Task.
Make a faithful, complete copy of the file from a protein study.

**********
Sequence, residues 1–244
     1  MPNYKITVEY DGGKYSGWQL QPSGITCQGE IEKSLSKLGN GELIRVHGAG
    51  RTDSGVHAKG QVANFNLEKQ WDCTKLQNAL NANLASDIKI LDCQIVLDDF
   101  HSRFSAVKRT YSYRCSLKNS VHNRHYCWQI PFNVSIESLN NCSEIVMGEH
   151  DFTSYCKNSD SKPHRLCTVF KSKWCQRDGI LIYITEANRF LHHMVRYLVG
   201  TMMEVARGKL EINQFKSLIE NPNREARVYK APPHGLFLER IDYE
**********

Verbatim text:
Sequence, residues 1–244
     1  MPNYKITVEY DGGKYSGWQL QPSGITCQGE IEKSLSKLGN GELIRVHGAG
    51  RTDSGVHAKG QVANFNLEKQ WDCTKLQNAL NANLASDIKI LDCQIVLDDF
   101  HSRFSAVKRT YSYRCSLKNS VHNRHYCWQI PFNVSIESLN NCSEIVMGEH
   151  DFTSYCKNSD SKPHRLCTVF KSKWCQRDGI LIYITEANRF LHHMVRYLVG
   201  TMMEVARGKL EINQFKSLIE NPNREARVYK APPHGLFLER IDYE